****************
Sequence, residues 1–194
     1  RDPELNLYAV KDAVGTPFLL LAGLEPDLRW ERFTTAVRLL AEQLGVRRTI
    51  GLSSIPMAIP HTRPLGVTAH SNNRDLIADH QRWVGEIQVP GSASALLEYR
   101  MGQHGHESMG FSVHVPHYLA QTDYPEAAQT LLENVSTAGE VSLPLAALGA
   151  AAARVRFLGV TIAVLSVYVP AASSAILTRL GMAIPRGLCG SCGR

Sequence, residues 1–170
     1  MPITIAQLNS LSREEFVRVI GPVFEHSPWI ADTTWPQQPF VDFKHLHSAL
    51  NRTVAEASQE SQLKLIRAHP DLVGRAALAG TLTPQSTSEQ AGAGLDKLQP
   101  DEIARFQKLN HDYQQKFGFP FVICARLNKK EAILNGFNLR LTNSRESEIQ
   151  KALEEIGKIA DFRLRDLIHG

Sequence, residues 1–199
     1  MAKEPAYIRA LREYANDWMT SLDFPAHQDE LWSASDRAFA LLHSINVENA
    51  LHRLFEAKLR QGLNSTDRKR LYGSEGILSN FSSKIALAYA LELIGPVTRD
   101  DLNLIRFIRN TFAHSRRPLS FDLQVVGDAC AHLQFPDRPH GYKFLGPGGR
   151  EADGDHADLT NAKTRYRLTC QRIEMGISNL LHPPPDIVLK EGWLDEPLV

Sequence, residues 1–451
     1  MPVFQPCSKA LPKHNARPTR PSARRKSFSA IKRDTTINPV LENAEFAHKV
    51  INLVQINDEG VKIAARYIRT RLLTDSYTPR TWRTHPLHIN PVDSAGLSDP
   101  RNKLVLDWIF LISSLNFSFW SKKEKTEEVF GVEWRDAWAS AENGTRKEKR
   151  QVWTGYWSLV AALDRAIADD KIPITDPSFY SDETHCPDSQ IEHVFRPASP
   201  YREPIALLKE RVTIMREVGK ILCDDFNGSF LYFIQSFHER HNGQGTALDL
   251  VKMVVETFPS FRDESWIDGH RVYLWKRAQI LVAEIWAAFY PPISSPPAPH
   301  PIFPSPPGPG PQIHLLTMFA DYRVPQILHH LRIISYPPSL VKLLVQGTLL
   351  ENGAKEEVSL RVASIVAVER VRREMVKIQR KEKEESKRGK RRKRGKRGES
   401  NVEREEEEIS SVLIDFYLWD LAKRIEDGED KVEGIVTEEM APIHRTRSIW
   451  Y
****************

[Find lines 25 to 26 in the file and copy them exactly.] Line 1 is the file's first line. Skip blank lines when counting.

   401  NVEREEEEIS SVLIDFYLWD LAKRIEDGED KVEGIVTEEM APIHRTRSIW
   451  Y